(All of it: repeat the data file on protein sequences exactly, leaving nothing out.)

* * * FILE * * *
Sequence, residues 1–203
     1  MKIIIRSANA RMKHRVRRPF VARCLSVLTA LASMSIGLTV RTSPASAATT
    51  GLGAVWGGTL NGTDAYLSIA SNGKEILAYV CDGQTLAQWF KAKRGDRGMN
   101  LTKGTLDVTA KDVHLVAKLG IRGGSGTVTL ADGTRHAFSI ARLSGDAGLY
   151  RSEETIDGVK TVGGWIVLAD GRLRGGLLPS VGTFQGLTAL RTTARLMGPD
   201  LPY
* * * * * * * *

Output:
Sequence, residues 1–203
     1  MKIIIRSANA RMKHRVRRPF VARCLSVLTA LASMSIGLTV RTSPASAATT
    51  GLGAVWGGTL NGTDAYLSIA SNGKEILAYV CDGQTLAQWF KAKRGDRGMN
   101  LTKGTLDVTA KDVHLVAKLG IRGGSGTVTL ADGTRHAFSI ARLSGDAGLY
   151  RSEETIDGVK TVGGWIVLAD GRLRGGLLPS VGTFQGLTAL RTTARLMGPD
   201  LPY